While aluminum holds most of the die casting market, zinc alloys have several important use cases. To find out more, let's examine the properties of each of these ferrous metals.
- High Melting Temperature
- Dimensional Stability
- Light Weight
- Corrosion Resistance
These properties play a significant role in the uses for aluminum die casting. Since aluminum is one of the top recycled materials on the market, almost 75% of all U.S. produced aluminum is still in use today. The availability of this resource contributes to its prominence in the die casting market. One reason aluminum is so heavily recycled is its resistance to corrosion, which allows more people and industries alike to save their old aluminum scraps instead of throwing them away. Another property that adds appeal to aluminum is its lightness. What happens when the object you are charged with building must be made from metal, but also must be incredibly lightweight? What about if you need this object to also retain heat whilst maintaining structural integrity? Aluminum is the go-to ferrous metal for the auto industry for this exact reason. In any engine, you have a constant series of small explosions that must be contained by a relatively small amount of metal, while remaining both light enough that the power produced by the engine propels the car without too much fuel waste and still maintaining the shape necessary to operate. Car companies are tirelessly trying to reduce weight, cost, and gas mileage, and aluminum die casting manufacturers provide these parts.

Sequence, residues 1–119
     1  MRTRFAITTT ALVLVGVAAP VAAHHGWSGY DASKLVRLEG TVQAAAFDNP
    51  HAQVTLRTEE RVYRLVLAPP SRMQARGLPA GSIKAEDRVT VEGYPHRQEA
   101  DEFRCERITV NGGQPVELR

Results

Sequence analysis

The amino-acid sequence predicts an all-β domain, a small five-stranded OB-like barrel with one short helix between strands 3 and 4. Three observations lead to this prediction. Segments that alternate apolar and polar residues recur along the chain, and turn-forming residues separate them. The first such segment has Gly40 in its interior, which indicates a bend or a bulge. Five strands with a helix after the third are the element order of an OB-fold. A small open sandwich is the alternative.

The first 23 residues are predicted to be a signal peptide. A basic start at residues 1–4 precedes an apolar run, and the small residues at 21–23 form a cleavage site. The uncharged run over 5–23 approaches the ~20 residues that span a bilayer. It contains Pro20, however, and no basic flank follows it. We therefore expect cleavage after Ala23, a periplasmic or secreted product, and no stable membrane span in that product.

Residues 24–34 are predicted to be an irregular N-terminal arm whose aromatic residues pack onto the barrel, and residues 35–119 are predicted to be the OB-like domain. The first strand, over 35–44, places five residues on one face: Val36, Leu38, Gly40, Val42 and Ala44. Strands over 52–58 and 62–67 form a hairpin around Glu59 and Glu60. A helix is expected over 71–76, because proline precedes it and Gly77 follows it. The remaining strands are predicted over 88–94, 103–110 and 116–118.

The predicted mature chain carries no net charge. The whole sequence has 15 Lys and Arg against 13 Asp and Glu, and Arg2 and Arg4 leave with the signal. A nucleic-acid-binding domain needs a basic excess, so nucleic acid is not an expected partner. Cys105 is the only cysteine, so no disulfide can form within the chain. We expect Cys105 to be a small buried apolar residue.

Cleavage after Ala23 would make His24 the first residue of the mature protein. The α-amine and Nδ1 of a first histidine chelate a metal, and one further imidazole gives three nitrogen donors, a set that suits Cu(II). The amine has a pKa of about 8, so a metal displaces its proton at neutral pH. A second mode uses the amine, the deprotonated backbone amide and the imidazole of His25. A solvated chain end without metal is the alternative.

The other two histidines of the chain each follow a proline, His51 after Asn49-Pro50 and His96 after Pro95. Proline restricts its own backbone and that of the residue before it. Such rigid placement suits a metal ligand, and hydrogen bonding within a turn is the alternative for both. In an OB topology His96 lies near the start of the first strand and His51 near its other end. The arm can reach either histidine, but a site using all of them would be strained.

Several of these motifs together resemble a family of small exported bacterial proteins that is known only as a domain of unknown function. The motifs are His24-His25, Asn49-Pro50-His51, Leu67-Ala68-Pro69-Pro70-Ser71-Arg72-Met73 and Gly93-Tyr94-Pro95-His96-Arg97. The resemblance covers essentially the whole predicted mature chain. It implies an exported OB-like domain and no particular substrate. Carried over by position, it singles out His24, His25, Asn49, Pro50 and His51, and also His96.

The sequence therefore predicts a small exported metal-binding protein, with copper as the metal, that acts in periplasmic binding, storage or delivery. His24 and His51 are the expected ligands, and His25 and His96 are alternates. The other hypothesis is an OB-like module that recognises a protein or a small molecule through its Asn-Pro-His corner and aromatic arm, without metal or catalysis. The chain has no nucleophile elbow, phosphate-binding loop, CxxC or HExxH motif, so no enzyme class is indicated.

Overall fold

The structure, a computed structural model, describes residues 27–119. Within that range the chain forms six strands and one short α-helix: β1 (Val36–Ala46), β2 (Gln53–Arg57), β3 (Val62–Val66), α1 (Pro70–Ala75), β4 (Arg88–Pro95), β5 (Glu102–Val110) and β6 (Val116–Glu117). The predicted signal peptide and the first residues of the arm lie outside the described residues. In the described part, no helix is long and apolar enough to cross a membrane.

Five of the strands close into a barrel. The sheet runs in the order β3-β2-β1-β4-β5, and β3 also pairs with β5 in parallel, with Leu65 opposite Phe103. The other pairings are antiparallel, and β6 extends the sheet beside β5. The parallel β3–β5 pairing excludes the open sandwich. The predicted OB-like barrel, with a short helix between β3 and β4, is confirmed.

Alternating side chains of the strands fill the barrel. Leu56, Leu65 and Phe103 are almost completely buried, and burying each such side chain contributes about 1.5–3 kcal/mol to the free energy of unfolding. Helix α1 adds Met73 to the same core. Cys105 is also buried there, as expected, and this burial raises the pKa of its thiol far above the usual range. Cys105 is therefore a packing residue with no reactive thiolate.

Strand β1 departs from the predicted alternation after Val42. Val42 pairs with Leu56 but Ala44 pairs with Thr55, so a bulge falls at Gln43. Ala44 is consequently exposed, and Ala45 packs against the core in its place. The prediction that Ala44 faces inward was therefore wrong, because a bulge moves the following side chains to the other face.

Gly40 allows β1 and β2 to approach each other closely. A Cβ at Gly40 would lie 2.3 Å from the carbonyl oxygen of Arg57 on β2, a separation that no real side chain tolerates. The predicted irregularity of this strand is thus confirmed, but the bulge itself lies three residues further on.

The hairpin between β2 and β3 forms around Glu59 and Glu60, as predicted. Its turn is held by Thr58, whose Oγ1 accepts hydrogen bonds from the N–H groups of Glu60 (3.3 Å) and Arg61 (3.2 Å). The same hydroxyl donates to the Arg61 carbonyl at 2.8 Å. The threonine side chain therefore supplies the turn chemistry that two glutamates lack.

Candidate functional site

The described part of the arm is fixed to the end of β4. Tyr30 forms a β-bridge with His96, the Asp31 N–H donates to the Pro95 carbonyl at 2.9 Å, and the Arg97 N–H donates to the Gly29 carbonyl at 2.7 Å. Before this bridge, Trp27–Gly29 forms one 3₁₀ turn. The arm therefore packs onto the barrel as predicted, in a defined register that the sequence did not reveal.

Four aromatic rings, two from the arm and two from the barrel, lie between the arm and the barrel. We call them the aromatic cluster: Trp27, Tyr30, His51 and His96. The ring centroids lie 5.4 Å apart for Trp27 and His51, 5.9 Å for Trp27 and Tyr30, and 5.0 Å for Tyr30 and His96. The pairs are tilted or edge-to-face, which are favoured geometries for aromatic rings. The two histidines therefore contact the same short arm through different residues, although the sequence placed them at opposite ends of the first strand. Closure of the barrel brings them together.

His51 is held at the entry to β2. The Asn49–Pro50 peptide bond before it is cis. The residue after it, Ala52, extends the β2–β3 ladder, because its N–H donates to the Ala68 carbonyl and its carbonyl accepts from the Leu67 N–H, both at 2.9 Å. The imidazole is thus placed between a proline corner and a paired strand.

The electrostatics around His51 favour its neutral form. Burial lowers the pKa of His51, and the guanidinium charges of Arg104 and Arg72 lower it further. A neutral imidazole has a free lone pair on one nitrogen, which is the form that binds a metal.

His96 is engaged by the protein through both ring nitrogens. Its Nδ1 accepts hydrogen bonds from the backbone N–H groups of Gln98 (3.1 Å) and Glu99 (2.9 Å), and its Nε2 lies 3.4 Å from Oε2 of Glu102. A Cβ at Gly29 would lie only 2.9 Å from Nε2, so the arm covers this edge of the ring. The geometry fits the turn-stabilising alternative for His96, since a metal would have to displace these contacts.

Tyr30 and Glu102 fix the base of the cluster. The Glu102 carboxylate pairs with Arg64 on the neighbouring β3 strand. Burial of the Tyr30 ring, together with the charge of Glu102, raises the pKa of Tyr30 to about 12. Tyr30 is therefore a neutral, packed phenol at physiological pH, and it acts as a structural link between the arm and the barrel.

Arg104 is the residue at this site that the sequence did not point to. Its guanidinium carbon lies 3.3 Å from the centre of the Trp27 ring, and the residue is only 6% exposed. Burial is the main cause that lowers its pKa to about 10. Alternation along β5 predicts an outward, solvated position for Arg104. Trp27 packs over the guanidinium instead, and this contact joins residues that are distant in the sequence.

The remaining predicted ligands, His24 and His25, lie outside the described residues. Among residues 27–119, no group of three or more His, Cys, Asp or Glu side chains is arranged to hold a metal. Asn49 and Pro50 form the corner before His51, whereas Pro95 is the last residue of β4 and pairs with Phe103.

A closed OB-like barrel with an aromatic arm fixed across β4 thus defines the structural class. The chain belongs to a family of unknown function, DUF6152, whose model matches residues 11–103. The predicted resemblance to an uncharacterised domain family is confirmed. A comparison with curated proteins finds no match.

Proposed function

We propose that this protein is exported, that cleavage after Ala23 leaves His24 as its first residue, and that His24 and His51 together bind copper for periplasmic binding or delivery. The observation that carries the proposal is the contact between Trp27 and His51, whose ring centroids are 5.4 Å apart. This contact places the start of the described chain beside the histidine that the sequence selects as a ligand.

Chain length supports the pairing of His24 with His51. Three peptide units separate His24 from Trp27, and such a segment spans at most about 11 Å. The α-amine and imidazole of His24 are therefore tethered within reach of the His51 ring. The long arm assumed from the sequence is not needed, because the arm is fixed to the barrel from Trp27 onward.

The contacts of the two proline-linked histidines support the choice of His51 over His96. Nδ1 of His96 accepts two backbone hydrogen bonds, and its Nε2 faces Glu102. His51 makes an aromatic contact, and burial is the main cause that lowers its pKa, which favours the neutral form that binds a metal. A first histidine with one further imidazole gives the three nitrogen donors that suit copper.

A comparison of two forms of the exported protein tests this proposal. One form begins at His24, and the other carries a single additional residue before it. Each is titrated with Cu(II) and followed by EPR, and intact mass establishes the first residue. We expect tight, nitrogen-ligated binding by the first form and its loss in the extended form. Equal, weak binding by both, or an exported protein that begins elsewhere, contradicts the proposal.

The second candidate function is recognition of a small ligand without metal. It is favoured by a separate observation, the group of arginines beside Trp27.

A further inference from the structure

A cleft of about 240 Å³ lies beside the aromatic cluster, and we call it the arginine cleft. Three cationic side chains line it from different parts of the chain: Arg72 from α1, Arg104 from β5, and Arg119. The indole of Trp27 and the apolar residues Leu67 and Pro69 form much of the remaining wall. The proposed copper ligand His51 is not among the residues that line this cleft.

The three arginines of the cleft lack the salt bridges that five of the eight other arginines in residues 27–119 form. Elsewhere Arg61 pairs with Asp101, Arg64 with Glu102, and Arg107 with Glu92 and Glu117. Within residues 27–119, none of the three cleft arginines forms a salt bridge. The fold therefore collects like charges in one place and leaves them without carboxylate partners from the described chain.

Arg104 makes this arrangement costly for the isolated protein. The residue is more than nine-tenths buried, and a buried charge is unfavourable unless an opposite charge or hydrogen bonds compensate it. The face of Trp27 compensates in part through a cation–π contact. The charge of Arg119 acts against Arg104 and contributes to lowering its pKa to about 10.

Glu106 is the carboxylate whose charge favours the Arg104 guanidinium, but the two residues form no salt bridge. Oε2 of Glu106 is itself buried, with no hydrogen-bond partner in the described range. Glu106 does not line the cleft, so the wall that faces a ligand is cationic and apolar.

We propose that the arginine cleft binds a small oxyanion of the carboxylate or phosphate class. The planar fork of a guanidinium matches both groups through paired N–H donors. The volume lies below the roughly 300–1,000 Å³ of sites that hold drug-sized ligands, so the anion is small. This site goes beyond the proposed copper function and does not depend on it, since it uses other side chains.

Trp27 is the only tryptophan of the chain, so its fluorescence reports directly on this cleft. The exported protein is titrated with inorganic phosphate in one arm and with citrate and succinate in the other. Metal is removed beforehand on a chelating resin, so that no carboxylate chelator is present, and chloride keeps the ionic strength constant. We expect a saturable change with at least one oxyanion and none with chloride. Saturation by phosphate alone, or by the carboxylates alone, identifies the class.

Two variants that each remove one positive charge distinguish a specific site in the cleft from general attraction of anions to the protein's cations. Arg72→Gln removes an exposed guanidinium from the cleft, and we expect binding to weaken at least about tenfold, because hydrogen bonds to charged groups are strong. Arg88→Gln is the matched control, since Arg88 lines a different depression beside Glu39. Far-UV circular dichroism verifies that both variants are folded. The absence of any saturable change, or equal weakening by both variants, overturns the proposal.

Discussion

- Low Melting Temperature
- High Conductivity
Zinc die casting is typically used not in competition with aluminum, but in different situations in which it makes sense. It's conductivity, for example, coupled with its low price point and ease of use lends itself to smaller parts for electronics. The smoothness of Zinc is what allows for easy gold or chrome plating, and the low melting point allows for the metal's smooth finish. Its weight -- twice that of aluminum -- brings even more strength to smaller objects. That's why zinc is typically used in smaller die cast builds, with the added bonus of low costs.
There are many more use cases for both zinc and aluminum die casting, but the best way to understand what those might be is by first knowing the properties of both. A zinc and aluminum die casting supplier near you will be able to help you with many projects, so make sure you can do your part and understand the properties of both zinc and aluminum for die casting.